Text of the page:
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(Created page with '{{BioPsy}} Otto Friedrich Karl Deiters (1834-1863) '''Otto Friedrich Karl Deiters''' (November 15, 1834 – December 5, 1863) was a German …')
 
 
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{{BioPsy}}
 
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[[Image:Deiters.JPG|right|thumb|Otto Friedrich Karl Deiters (1834-1863)]]
 
[[Image:Deiters.JPG|right|thumb|Otto Friedrich Karl Deiters (1834-1863)]]
'''Otto Friedrich Karl Deiters''' (November 15, 1834 – December 5, 1863) was a German [[neuroanatomist]]. He was born in [[Bonn]], studied at the [[University of Bonn]], and spent most of his professional career in [[Bonn]]. He is remembered for his microscopic research of the [[brain]] and [[spinal cord]].
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'''Otto Friedrich Karl Deiters''' (November 15, 1834 – December 5, 1863) was a German [[neuroanatomist]]. He was born in Bonn, studied at the University of Bonn, and spent most of his professional career in Bonn. He is remembered for his microscopic research of the [[brain]] and [[spinal cord]].
   
 
Around 1860, Deiters provided the most comprehensive description of a [[nerve cell]] that was known to exist at the time. He identified the cells' [[axon]], which he called an "axis cylinder", and its [[dendrite]]s, which he referred to as [[protoplasm]]ic processes. He postulated that dendrites must fuse to form a continuous network.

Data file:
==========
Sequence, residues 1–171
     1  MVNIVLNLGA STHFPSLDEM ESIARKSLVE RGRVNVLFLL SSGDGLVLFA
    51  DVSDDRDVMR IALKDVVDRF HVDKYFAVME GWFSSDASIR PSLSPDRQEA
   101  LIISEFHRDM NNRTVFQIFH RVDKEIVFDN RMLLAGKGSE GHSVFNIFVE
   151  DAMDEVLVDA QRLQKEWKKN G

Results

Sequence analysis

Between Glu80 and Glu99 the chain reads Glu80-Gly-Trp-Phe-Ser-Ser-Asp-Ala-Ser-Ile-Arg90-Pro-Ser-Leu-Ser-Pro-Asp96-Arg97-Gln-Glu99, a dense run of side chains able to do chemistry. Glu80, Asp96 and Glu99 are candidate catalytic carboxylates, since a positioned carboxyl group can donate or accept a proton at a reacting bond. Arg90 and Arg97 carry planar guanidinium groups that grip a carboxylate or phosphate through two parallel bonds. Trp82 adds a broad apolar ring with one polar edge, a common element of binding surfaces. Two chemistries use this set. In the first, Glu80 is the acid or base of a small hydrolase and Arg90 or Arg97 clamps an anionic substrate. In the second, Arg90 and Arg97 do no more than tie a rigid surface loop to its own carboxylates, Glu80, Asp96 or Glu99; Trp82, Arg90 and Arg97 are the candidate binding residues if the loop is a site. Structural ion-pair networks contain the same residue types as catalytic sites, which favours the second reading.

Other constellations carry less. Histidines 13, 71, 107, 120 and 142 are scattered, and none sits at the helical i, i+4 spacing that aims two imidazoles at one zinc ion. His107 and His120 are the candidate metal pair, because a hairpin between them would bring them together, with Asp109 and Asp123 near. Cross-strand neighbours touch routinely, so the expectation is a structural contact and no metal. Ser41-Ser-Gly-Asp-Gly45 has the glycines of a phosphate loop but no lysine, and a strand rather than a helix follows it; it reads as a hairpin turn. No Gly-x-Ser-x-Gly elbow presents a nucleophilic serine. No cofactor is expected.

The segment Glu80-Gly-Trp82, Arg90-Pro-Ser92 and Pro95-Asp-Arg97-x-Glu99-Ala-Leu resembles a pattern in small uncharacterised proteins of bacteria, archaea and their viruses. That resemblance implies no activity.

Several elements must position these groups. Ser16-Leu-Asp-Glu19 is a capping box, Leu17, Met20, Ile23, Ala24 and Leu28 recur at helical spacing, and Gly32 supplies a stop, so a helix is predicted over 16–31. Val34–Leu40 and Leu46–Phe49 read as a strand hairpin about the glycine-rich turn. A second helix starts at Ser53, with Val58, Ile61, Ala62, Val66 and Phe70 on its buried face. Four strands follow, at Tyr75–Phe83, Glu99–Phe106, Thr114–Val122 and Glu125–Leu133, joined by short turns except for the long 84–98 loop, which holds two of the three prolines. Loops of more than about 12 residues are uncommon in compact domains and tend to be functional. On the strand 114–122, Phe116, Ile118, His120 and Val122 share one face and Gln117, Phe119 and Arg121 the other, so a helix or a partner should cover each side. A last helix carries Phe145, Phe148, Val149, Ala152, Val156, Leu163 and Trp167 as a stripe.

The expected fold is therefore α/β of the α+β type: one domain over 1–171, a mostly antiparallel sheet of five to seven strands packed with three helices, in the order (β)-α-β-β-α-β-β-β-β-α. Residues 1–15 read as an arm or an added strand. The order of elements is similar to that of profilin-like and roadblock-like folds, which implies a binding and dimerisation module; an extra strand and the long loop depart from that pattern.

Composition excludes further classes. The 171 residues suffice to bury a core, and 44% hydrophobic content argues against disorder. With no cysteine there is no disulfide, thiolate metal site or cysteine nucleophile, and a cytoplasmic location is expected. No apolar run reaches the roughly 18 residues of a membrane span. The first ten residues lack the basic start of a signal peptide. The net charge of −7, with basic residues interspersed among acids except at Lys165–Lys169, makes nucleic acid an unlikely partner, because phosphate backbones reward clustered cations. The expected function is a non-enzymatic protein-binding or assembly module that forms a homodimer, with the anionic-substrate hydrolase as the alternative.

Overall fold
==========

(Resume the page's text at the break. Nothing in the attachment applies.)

Around 1860, Deiters provided the most comprehensive description of a [[nerve cell]] that was known to exist at the time. He identified the cells' [[axon]], which he called an "axis cylinder", and its [[dendrite]]s, which he referred to as [[protoplasm]]ic processes. He postulated that dendrites must fuse to form a continuous network.
   
His name is lent to the ''nucleus of Deiters'', also called the [[lateral vestibular nucleus]], and ''Deiters' cell'', which is associated with outer [[hair cell]]s in the [[cochlea]] of the [[inner ear]]. Deiters died in 1863 from [[typhoid fever]] at the age of 29. After his death, his work concerning nerve cells of the spinal cord was edited and published by [[anatomist]] [[Max Schultze]] (1825-1874).
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His name is lent to the ''[[nucleus of Deiters]]'', also called the [[lateral vestibular nucleus]], and ''[[Deiters' cell]]'', which is associated with outer [[hair cell]]s in the [[cochlea]] of the [[inner ear]]. Deiters died in 1863 from [[typhoid fever]] at the age of 29. After his death, his work concerning nerve cells of the spinal cord was edited and published by [[anatomist]] [[Max Schultze]] (1825-1874).
   
 
== Selected writings ==
 
== Selected writings ==

Latest revision as of 23:21, April 13, 2010

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